Do you have any tips on traveling with teens — what are their needs, how do parents ensure they have fun and have an enriching experience?

1. Peer relationships are everything to a teenager. Friends are all-important. They replace the family, in some ways, as the place where daily relationships are played out. Have your teen take a friend along on your trip.

2. Teens will want to spend lots of time with their friends. Let them. Parents should offer loving help and encouragement at every turn; and never try to join their teen’s group of friends. And parents, if the friends are bad news, figure out why your teen wants to be their friend. You will get some insights into their inner life. Act on this.

3. The job (of both teen and parent) is to STAY CONNECTED. Keep in mind this practical advice for Teen-Parent Communication, when you are traveling together. Use this time to do the following:

  • The style of talking that is best is direct, straight, and clear. Don’t give unsolicited advice to your teen — EVER — unless your teen asks for it.
  • Listen, observe and don’t “talk at.”
  • Help teens let their feelings out — validate and don’t try to change them.
  • Stop the questions, the demands, and the inflexible rules.
  • Don’t schedule meetings with teens — talk with them on their terms.

4. Remember: teens need enough direction and control to guide them, yet enough room to let them breathe, learn, and discover. There must to be a balance between structure and flexibility. A strong disciplinary approach overlooks the need for growth and exploration during the teen years.

5. Teens are busy practicing a new way of thinking. (Jean Piaget called it “formal operational thought.”) At 16 or 17 years of age, teens have developed the ability to solve problems without the concrete, action-oriented experiences of a child. Teens are forming theories about everything—and testing them out. They make assumptions, consider hypotheses, and work out the inferences that follow. This abstract thinking is actually very difficult to master. Teens argue constantly to practice their abstract thought processes. Parents should encourage lively debates to occur during travel to develop logic skills in their teens.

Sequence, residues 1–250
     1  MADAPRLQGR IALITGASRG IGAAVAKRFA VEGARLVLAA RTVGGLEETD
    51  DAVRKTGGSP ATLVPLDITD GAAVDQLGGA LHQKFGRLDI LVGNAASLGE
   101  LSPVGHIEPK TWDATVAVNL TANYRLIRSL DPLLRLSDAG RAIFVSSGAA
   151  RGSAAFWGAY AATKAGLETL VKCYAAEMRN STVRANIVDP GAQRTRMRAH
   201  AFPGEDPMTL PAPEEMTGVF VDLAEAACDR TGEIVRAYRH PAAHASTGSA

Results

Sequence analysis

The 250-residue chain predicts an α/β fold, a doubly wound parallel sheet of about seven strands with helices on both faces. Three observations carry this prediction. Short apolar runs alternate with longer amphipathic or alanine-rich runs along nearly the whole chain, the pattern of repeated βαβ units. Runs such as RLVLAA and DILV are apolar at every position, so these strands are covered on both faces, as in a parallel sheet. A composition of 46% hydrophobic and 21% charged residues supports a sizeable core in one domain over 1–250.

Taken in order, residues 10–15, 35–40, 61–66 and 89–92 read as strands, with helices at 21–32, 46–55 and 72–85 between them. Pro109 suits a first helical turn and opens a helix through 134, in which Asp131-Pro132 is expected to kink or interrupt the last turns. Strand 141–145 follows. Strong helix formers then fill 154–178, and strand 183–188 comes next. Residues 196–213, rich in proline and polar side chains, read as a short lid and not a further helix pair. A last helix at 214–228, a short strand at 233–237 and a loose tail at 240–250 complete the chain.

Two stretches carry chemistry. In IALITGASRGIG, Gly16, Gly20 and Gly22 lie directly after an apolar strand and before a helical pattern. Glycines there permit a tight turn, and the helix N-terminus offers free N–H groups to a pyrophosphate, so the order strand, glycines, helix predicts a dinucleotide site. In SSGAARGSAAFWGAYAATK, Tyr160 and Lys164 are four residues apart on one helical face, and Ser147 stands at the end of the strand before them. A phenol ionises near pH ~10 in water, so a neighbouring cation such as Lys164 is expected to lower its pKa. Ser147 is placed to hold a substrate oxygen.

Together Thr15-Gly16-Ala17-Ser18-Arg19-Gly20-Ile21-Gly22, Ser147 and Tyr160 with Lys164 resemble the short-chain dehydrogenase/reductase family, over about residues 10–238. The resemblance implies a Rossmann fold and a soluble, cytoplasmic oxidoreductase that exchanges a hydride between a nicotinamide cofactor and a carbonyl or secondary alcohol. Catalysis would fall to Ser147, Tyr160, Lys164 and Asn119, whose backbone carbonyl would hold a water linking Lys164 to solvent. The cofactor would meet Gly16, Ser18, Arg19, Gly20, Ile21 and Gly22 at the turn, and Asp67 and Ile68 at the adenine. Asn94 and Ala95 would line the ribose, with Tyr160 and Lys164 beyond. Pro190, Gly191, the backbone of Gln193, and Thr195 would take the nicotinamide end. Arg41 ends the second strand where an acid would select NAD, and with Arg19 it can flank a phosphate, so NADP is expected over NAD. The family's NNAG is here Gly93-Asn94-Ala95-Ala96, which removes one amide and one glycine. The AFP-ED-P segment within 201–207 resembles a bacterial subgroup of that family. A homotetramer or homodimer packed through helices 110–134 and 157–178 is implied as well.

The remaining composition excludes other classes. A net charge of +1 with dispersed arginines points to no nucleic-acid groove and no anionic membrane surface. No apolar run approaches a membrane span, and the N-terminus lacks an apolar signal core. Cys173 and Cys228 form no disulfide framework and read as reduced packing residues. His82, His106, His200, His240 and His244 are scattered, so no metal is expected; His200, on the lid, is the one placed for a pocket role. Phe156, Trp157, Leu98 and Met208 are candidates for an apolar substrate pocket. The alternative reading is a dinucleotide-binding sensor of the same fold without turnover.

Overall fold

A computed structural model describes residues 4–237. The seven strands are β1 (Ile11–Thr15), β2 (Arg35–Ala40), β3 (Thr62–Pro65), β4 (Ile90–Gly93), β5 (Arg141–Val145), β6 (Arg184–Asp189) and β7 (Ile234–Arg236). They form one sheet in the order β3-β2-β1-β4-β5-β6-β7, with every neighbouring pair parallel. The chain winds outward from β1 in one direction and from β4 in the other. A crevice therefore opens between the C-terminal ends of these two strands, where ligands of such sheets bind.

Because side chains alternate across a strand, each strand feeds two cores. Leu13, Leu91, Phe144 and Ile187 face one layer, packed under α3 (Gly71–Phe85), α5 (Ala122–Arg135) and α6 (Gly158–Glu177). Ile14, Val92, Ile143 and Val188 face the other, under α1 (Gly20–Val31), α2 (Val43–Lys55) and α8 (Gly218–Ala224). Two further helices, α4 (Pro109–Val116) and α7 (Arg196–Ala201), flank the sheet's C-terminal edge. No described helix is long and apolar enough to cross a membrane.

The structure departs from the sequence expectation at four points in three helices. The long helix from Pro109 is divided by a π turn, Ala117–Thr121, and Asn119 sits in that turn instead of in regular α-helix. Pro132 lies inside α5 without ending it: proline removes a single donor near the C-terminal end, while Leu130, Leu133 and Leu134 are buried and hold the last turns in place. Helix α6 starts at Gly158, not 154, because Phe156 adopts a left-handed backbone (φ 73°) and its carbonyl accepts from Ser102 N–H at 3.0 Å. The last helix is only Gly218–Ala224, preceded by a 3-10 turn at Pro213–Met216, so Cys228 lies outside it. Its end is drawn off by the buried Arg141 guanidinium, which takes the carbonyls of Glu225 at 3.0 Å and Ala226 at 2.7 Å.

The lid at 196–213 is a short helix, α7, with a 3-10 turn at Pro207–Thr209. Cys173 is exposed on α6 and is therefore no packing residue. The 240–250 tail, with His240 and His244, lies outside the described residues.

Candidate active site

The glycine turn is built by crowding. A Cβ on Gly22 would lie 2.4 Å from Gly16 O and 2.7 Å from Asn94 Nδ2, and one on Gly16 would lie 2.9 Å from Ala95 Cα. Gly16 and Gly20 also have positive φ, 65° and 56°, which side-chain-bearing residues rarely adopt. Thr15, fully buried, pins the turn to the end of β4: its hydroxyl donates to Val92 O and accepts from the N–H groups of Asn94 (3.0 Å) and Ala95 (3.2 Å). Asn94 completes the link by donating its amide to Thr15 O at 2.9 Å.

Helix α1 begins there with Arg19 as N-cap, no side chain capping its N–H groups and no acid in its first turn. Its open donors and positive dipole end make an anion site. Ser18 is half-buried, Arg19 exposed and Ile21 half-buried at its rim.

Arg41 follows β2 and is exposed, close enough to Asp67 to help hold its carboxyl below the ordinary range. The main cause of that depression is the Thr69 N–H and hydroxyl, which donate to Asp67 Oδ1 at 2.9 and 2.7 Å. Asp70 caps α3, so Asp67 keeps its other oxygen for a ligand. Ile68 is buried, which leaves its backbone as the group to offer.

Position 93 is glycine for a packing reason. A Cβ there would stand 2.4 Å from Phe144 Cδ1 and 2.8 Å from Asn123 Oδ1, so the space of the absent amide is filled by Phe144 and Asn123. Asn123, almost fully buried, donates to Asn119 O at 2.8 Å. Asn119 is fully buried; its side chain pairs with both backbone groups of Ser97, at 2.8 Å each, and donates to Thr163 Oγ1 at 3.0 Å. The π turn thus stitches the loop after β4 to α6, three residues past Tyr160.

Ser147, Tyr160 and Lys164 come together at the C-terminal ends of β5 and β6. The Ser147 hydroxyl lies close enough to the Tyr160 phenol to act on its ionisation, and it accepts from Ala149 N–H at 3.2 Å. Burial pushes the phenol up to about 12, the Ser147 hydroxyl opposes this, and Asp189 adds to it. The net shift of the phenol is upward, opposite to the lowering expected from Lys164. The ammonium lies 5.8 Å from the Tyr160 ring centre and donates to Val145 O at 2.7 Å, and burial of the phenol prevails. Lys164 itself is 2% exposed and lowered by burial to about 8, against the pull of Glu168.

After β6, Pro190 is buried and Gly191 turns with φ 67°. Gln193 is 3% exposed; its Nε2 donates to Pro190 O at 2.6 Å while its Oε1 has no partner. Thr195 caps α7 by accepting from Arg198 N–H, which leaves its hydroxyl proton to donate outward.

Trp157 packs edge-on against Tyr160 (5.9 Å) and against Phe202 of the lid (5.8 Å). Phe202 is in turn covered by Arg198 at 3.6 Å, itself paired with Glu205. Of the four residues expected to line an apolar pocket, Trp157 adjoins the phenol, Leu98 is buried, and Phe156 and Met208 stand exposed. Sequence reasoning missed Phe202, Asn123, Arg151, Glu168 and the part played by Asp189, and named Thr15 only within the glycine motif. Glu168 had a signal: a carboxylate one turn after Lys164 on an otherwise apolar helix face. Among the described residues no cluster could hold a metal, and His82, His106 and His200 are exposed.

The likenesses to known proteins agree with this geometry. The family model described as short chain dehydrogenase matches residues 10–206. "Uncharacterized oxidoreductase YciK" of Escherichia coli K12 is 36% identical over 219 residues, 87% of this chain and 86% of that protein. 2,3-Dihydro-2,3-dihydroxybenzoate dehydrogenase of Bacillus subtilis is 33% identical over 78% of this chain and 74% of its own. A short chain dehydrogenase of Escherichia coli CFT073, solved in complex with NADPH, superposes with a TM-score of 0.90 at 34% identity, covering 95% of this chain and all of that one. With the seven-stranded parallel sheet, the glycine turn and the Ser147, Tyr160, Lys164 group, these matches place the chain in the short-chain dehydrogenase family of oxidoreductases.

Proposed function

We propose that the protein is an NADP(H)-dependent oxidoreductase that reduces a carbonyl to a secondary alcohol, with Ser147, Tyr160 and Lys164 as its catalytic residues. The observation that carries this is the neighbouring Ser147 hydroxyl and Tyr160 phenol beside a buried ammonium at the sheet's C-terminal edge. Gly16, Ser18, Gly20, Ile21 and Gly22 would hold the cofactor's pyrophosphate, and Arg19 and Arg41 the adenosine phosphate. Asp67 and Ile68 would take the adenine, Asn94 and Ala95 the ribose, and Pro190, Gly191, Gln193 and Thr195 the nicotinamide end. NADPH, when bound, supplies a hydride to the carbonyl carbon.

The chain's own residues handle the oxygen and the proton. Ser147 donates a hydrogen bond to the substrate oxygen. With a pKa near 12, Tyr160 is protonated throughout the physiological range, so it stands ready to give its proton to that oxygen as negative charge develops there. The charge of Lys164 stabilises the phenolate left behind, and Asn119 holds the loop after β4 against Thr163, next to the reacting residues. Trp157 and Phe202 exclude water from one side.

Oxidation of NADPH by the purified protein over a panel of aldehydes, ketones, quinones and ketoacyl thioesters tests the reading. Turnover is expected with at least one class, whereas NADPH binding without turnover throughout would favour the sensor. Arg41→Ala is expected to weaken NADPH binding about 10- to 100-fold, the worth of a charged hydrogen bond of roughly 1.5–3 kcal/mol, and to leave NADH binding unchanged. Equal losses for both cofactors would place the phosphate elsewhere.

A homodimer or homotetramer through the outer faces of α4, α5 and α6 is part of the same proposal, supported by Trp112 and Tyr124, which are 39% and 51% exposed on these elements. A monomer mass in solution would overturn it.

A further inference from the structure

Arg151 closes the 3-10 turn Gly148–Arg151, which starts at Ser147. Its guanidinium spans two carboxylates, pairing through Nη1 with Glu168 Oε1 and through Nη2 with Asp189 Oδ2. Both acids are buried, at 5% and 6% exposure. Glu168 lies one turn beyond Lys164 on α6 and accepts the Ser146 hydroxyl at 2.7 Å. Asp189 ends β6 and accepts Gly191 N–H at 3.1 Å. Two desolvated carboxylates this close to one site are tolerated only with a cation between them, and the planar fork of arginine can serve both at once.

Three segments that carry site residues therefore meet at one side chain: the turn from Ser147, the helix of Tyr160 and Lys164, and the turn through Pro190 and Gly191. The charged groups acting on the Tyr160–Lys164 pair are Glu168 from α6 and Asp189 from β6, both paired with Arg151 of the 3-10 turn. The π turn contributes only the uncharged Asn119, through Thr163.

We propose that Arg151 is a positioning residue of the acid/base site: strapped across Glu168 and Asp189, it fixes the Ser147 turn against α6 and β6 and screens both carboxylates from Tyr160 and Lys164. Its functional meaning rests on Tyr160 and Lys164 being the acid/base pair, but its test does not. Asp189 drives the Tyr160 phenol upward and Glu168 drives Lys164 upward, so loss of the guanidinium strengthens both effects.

6. If you get the chance on your trip, try some of the following tips:

  • Respect and honor teens and trust them to make good decisions. They won’t always do to, but let them learn from their mistakes.
  • Remind teens that you love and support them.
  • Focus on their strengths. As parents we tend to harp on problem areas. Talk about what they do well, not what they need to do better.
  • Find fun activities. Go to a spa with your daughter or a sports event with your son (or vice versa). You’ll strengthen the relationship and if you’re fun to be with, they’ll want to be with you more often.

7. On your trip, keep in mind that teens are really busy trying to figure out “Who am I?”, what their passions are, and what they want to do. Instead of stepping in and trying to control the process, let their own nature be their guide to becoming more independent and mature. Parents can observe and have a connection, just not run their lives. It’s a shift, a process of stepping back a bit. Encourage teens to discover their voice and identity.

8. A trip or travel is a great time to encourage or guide your teen to do some deeper thinking.Teens should take time to get clear on their personal values. Teens have their own unique values, and it is important to let them surface. It is helpful to have a teen write down his values. Parents, write yours down too. And share them with each other. Knowing your values, including the academic ones, can save a lot of head-butting down the road. Spend time thinking about your values—what is important to you—and life will move a lot more smoothly. Be reminded that a teen’s values are changing rapidly. Stay aware and keep in touch.